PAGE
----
Spanish government will set timetable for walks as part of confinement deescalation

The health minister will confirm the full details of how the adult population will be allowed outside at a press conference later today

A man walks outside with his two children in Valencia.
A man walks outside with his two children in Valencia.Manuel Bruque (EFE)

The Spanish government confirmed on Thursday that it will set time slots for adults to go out for walks and to exercise. According to the communication state secretary, the deescalation expert committee, which is headed by Prime Minister Pedro Sánchez, reached the decision on Thursday “based on the figures which show a positive evolution of the pandemic in Spain.”

The Spanish Health Ministry reported on Thursday that the number of daily coronavirus deaths had fallen to 268, the lowest figure since March 20.

One of the goals of the timetable is to protect seniors, who are the most vulnerable to the coronavirus

Starting this weekend, adults will be allowed to go outside as part of the deescalation of the coronavirus confinement measures. Since Sunday of last week, children under the age of 14 have been allowed to go out for supervised walks within a one-kilometer radius of their homes and for no longer than an hour.

But it is not yet known what conditions will apply to the rest of the population. The health minister, Salvador Illa, said the plan would be organized in collaboration with regional governments and local officials, who have the authority to open municipal parks. “All this has to be discussed at length so that there is not a mass exit of people, so that we can combine children’s outings, couples going for a walk and also exercise,” he said.

A ministerial order will set out how the rest of the population will be able to go out onto the street, what time slots will be involved, as well as the time and distance limits that will be applied. The health minister was scheduled to announce these conditions on Thursday morning, but the press conference has been pushed back to 6pm. At noon, Illa told Spain’s lower house, the Congress of Deputies, that the measures were “being finalized.”

On Monday, Illa met with regional health chiefs to discuss proposals for how trips outside should be regulated. Many of these regional leaders argued that time slots should be set in order to avoid crowds, after photos on Sunday showed families allegedly breaking social distancing measures. The government, however, insisted on Monday that no serious breaches were committed on the first day of children outings.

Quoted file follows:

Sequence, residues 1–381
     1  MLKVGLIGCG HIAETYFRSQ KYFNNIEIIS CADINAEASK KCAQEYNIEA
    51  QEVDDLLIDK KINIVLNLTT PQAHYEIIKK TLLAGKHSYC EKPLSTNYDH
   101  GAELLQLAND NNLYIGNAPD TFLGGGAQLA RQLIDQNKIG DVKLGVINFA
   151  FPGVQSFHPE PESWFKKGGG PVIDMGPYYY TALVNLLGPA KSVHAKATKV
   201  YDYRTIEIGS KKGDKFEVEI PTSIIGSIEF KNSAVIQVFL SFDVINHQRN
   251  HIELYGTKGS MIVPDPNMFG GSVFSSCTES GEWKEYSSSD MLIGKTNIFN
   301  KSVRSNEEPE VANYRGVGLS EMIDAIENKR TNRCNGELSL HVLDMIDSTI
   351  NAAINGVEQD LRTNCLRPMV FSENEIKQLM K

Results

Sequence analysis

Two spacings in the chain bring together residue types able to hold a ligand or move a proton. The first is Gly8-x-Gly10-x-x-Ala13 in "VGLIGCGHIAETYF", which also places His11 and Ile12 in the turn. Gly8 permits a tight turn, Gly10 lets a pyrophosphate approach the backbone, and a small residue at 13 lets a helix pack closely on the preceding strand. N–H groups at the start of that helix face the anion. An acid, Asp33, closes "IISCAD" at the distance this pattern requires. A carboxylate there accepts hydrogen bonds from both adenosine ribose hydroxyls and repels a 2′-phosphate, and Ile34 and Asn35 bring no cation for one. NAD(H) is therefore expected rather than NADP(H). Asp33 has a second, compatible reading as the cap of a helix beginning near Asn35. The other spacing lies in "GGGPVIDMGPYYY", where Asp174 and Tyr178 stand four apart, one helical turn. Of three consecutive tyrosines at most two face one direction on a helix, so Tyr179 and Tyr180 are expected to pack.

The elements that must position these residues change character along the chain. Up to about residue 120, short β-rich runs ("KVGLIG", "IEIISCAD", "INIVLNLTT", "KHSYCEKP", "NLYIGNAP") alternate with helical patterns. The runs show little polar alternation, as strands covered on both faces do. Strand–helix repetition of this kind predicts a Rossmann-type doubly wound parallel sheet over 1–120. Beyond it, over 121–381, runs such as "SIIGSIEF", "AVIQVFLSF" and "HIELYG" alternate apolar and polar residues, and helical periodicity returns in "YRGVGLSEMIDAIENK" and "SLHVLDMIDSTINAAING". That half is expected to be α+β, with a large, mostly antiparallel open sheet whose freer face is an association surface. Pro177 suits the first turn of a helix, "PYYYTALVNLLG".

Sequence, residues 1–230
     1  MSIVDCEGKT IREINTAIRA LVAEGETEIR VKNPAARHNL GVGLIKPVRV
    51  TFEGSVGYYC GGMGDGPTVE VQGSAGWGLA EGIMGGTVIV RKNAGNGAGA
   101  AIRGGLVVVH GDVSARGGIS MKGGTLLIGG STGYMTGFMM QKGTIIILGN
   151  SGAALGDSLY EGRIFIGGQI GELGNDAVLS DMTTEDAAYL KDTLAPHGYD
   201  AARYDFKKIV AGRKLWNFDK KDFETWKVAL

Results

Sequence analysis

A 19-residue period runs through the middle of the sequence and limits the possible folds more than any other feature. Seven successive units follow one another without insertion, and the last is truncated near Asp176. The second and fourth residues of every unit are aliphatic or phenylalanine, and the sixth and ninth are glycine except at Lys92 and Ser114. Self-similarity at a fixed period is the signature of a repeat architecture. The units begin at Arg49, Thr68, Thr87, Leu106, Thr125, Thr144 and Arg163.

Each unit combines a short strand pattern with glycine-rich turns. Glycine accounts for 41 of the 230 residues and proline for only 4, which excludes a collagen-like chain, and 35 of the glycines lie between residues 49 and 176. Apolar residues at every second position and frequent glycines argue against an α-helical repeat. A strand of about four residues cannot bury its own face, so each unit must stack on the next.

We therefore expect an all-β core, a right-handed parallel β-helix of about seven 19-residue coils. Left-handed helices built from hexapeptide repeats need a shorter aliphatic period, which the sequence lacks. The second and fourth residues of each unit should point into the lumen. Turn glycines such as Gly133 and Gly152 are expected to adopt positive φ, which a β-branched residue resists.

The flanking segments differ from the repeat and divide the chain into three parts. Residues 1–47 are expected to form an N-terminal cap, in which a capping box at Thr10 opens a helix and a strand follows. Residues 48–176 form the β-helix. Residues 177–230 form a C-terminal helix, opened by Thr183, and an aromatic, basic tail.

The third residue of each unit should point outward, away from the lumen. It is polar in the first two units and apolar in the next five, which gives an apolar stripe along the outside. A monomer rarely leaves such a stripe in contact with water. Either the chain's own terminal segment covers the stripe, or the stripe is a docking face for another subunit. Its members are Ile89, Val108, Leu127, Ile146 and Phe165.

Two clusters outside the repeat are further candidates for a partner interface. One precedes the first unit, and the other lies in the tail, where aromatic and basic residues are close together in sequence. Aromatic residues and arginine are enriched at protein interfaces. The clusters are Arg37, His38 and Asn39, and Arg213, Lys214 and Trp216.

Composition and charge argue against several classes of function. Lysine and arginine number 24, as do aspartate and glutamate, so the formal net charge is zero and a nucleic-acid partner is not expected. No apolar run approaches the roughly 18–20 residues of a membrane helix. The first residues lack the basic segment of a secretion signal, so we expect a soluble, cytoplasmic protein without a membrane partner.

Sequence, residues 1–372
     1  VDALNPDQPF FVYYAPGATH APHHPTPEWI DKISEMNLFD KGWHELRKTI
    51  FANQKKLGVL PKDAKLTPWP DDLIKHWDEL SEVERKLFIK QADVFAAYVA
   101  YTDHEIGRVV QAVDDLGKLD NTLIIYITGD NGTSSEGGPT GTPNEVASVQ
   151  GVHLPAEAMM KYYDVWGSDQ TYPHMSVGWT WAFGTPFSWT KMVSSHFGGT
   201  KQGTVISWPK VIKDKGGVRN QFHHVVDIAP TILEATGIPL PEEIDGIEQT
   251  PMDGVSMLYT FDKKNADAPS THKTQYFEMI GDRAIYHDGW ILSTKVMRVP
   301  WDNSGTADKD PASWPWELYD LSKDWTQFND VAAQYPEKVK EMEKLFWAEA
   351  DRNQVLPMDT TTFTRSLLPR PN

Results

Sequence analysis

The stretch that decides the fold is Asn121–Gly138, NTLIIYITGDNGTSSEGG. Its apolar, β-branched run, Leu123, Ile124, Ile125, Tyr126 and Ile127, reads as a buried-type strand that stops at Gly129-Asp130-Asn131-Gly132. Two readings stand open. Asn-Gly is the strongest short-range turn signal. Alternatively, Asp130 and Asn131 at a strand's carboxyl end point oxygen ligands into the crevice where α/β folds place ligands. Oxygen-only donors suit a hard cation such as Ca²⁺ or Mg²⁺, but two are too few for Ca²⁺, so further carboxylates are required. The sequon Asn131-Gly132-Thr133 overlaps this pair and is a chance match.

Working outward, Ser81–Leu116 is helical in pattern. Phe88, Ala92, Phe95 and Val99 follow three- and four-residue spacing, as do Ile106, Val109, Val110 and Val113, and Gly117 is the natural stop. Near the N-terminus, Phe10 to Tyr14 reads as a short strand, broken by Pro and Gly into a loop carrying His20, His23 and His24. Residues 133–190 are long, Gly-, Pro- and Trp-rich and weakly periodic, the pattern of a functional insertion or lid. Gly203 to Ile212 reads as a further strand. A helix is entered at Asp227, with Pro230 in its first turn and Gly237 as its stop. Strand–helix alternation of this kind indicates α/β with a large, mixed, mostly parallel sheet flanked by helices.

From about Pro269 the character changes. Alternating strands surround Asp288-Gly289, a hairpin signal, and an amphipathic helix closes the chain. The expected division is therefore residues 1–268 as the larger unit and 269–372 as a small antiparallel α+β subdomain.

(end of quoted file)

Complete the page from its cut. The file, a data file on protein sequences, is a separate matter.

Families enjoying the seaside promenade in Barcelona on Sunday.
Families enjoying the seaside promenade in Barcelona on Sunday.MASSIMILIANO MINOCRI

Some of the regions that proposed setting specific times by age group include Catalonia, the Canary Islands and Andalusia. The latter region’s government believes that the ideal time to avoid contagion would be for seniors to go out for walks in the morning – from 9am to 2pm – and for children to go out in the afternoon, from 4pm to 9pm.

The plan proposed by the Catalan regional government involves four different schedules. It suggests the following: individual exercise and sport from 6am to 8am, outings for seniors and people with disabilities from 9am to 11am, and children’s outings from 11am to 6pm. The hour between 8am and 9am would be reserved for people who need to commute for work.

The Canary regional government proposed dividing the population into two groups. Under this plan, people who have a street address that falls on an odd number will be allowed to go out on odd-numbered days, for example May 3, 5, 7, and vice versa for street addresses with even numbers.

One of the goals of setting a timetable is to protect seniors, who are the most vulnerable to the coronavirus. Under the government’s “Plan for the Transition Toward a New Normality,” seniors will be allocated a special time to go to shops once these reopen.

English version by Melissa Kitson.


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